Transjugular intrahepatic portosystemic shunts (TIPS) involve creation of a low-resistance channel between the hepatic vein and the intrahepatic portion of the portal vein (usually the right branch) using angiographic techniques (figure 1 and image 1). The tract is kept patent by deployment of an expandable metal stent across it, thereby allowing blood to return to the systemic circulation. The ability of TIPS to function like a surgical side-to-side portacaval shunt without requiring general anesthesia and major surgery led to its rapid acceptance into clinical practice . However, the expanding use of TIPS has also led to its misuse in some instances.
This topic will review the indications for TIPS other than variceal bleeding and ascites. It will also review contraindications to TIPS placement and conditions for which TIPS should not be used. The use of TIPS for variceal bleeding and ascites, and the complications associated with this procedure are discussed separately. (See "Role of transjugular intrahepatic portosystemic shunts in the treatment of variceal bleeding" and "Ascites in adults with cirrhosis: Diuretic-resistant ascites", section on 'Transjugular intrahepatic portosystemic stent-shunt' and "Transjugular intrahepatic portosystemic shunts: Complications".)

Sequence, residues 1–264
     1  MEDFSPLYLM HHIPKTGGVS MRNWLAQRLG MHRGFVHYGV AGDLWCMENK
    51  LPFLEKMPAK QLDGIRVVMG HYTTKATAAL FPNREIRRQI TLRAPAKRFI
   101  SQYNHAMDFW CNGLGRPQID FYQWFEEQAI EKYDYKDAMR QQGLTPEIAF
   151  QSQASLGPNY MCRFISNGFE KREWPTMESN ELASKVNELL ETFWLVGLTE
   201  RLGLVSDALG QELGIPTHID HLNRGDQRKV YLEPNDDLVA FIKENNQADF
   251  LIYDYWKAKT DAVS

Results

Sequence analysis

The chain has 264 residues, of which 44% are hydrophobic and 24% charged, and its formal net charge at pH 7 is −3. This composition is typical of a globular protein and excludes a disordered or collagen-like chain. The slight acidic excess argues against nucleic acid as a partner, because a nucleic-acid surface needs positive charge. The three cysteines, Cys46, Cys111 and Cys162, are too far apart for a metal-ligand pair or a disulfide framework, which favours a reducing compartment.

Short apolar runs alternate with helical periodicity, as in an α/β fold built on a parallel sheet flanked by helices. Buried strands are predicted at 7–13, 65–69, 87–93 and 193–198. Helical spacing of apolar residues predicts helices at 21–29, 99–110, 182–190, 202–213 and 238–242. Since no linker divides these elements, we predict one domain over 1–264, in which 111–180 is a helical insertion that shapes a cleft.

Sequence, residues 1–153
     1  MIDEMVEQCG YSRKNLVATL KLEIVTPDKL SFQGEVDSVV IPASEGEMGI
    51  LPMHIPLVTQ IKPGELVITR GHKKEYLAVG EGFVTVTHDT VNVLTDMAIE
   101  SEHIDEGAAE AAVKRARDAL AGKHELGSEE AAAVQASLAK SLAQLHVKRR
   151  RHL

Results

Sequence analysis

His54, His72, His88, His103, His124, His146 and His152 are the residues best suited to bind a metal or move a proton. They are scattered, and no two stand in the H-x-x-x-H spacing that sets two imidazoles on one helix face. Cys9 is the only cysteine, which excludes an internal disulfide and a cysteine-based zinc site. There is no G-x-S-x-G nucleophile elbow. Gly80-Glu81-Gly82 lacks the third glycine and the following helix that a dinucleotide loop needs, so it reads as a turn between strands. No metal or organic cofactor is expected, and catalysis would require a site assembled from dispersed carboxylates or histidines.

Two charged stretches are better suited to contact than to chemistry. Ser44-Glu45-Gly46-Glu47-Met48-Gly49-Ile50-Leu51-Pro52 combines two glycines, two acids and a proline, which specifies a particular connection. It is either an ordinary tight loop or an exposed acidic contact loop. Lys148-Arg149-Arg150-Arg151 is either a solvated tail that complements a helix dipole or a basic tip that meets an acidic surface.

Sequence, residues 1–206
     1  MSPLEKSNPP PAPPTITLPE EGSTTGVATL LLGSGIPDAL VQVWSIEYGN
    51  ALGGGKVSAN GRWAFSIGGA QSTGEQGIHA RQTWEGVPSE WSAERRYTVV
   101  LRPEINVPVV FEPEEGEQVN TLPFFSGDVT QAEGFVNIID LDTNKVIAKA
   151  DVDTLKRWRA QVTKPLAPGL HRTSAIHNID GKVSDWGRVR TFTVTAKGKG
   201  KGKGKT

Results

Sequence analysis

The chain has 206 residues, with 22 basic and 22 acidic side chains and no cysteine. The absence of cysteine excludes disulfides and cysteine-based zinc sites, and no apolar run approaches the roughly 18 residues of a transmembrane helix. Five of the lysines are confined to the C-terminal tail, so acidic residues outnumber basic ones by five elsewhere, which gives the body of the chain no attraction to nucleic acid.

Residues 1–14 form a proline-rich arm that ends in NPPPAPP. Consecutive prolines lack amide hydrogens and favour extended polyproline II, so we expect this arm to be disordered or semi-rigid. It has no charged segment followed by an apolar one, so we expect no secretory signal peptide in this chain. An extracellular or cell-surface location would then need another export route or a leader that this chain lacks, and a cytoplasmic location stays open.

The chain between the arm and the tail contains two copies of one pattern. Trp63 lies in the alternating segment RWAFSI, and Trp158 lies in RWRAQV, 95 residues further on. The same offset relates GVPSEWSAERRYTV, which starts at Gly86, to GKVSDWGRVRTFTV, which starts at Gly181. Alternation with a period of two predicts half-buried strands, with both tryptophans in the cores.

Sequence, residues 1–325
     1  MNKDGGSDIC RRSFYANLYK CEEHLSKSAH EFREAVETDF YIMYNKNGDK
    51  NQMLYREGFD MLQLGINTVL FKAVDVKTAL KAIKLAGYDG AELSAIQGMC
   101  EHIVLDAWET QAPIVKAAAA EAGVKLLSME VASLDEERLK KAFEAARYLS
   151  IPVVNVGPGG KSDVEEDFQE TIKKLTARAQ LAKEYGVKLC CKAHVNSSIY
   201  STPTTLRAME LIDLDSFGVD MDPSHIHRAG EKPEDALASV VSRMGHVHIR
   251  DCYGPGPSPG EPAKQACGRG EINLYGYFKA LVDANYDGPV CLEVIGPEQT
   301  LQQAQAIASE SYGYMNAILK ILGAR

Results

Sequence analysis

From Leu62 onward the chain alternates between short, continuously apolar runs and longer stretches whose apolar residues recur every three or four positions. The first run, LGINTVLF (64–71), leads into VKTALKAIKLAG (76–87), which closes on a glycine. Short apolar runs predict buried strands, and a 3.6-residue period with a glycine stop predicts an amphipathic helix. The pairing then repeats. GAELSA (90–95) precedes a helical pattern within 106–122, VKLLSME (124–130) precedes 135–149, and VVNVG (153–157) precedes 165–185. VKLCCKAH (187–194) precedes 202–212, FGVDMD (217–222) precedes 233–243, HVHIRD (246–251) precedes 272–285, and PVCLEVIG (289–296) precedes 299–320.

A guideline issued by the American Association for the Study of Liver Diseases (AASLD; updated in 2009) is also available . The AASLD guideline can be accessed through the AASLD website.
VARICEAL BLEEDING AND ASCITES
TIPS has primarily been used to treat the major consequences of portal hypertension (ie, variceal hemorrhage and ascites) (table 1). These topics are discussed in detail elsewhere. (See "Role of transjugular intrahepatic portosystemic shunts in the treatment of variceal bleeding" and "Ascites in adults with cirrhosis: Diuretic-resistant ascites".)
When used in patients with refractory ascites, insertion of TIPS may lead to a delayed improvement in renal function [3,4]. In one study, the average plasma creatinine concentration was 1.5 mg/dL (132 micromol/L) at baseline, was unchanged at one week, and fell to 0.9 mg/dL (80 micromol/L) by six months .